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Building a schedule for an accurate critical path analysis RRS feed

  • Question

  • Hi 

    My organisation use the term critical path all of the time but very rarely have I worked anywhere where the schedule is detailed or accurate enough to facilitate this.

    From my experience, to obtain a proper critical path, every task within the schedule should have a successor or predecessor with the exception of the first and the last tasks.

    Am I too old school or can someone point me in the direction of how to achieve a schedule which will give me a meaningful CP.

    Regards

    S

    Wednesday, November 26, 2014 8:06 AM

Answers

  • Well, I have many examples, and all my project plans start from the premise that the objective is to produce a network which will show a critical path as quickly as possible. I would say that surely this is the primary objective of sitting down in front of the computer to prepare the plan in the first place. Everything else is secondary.

    You want to find out, you must find out, based on the duration estimates and the predecessors/successors, how soon the project can finish, and how soon all of the tasks can start and finish. That's what the critical path method is for, and that's what MS Project is for.

    Basic requirements are:

    • a "closed" network. every task has at least one FS0 predecessor and at least one FS0 successsor (except for the first and last, of course)
    • No predecessors/successors links on the summaries
    • use the schedule table to see the early and late start and finish dates
    • tick the box on the format ribbon to light up the critical tasks.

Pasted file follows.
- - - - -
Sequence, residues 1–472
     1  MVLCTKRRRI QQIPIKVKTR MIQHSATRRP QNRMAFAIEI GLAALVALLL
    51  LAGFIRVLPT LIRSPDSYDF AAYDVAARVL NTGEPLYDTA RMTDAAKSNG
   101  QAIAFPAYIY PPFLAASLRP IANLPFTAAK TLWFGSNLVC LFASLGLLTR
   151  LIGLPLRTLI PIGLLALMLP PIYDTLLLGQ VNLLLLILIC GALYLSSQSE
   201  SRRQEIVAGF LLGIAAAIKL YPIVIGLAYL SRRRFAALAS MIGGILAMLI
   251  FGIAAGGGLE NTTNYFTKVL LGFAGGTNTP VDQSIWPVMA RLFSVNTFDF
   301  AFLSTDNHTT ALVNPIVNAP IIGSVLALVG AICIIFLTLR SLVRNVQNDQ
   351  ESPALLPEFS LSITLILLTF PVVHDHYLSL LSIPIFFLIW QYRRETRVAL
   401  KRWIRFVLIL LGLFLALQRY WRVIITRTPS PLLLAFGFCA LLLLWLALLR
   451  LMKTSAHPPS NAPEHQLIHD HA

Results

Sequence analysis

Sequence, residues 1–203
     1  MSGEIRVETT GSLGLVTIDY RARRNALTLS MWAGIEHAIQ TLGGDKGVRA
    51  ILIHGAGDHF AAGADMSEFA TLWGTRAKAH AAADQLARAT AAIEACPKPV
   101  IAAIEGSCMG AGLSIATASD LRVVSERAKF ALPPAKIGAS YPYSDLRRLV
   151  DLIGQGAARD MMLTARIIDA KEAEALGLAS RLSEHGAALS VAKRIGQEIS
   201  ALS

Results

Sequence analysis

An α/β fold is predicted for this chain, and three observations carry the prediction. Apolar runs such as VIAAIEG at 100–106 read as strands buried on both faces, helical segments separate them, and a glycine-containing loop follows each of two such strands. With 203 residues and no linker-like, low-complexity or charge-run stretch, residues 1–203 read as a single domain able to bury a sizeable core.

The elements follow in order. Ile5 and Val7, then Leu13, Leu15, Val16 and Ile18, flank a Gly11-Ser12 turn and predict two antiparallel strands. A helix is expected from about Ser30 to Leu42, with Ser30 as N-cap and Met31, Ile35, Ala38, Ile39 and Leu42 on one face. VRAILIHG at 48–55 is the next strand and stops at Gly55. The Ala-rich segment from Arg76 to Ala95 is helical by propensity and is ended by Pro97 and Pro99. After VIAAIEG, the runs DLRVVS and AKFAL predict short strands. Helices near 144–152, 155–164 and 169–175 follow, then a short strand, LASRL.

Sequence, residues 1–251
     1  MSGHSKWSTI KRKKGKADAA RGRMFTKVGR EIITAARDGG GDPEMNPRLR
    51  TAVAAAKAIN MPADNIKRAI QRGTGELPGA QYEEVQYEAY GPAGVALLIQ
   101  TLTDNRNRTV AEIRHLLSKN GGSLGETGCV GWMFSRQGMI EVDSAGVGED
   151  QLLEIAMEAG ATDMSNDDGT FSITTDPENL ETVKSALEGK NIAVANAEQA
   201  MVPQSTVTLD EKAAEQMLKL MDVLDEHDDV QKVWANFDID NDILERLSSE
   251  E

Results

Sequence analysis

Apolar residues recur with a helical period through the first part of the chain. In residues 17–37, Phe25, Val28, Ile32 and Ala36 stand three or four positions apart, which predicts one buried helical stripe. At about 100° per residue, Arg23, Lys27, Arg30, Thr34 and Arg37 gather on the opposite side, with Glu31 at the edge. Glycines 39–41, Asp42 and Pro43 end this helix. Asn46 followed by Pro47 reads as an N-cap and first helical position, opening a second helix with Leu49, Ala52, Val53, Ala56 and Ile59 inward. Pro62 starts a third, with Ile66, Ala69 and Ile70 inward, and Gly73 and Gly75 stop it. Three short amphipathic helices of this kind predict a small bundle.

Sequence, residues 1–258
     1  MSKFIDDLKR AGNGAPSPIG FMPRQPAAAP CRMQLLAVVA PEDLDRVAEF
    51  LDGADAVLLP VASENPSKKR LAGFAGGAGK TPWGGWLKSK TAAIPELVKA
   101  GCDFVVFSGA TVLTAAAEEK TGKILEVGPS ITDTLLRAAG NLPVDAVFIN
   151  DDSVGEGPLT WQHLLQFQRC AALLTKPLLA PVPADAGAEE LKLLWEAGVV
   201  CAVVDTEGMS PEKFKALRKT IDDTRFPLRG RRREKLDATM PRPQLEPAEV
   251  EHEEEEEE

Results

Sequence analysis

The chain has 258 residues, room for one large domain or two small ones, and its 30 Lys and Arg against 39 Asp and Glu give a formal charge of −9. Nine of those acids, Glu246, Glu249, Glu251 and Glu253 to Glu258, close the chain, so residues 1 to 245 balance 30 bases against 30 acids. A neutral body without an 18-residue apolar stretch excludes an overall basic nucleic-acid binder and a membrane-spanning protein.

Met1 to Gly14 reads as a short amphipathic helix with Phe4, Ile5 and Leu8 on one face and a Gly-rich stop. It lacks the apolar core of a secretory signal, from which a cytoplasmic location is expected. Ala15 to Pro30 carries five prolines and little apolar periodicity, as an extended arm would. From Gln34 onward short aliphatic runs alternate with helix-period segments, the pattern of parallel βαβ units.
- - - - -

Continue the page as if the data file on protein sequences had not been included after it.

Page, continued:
Hope this helps. If it does, please mark as answer.

    Wednesday, November 26, 2014 9:53 AM

All replies

  • Well, I have many examples, and all my project plans start from the premise that the objective is to produce a network which will show a critical path as quickly as possible. I would say that surely this is the primary objective of sitting down in front of the computer to prepare the plan in the first place. Everything else is secondary.

    You want to find out, you must find out, based on the duration estimates and the predecessors/successors, how soon the project can finish, and how soon all of the tasks can start and finish. That's what the critical path method is for, and that's what MS Project is for.

    Basic requirements are:

    • a "closed" network. every task has at least one FS0 predecessor and at least one FS0 successsor (except for the first and last, of course)
    • No predecessors/successors links on the summaries
    • use the schedule table to see the early and late start and finish dates
    • tick the box on the format ribbon to light up the critical tasks.

    Hope this helps. If it does, please mark as answer.

    Wednesday, November 26, 2014 9:53 AM
  • Hi Sean,

    You are correct in your assertion; the ability to build a defensible (hence accurate) schedule to the right level (detail) is mandatory.   Other items which will affect the CP are deadlines, constraints, task calendars. 

    Ultimately, you have to put the work in to get the value out.  


    Ben Howard [MVP] | web | blog | book | P2O

    Wednesday, November 26, 2014 10:41 AM
    Moderator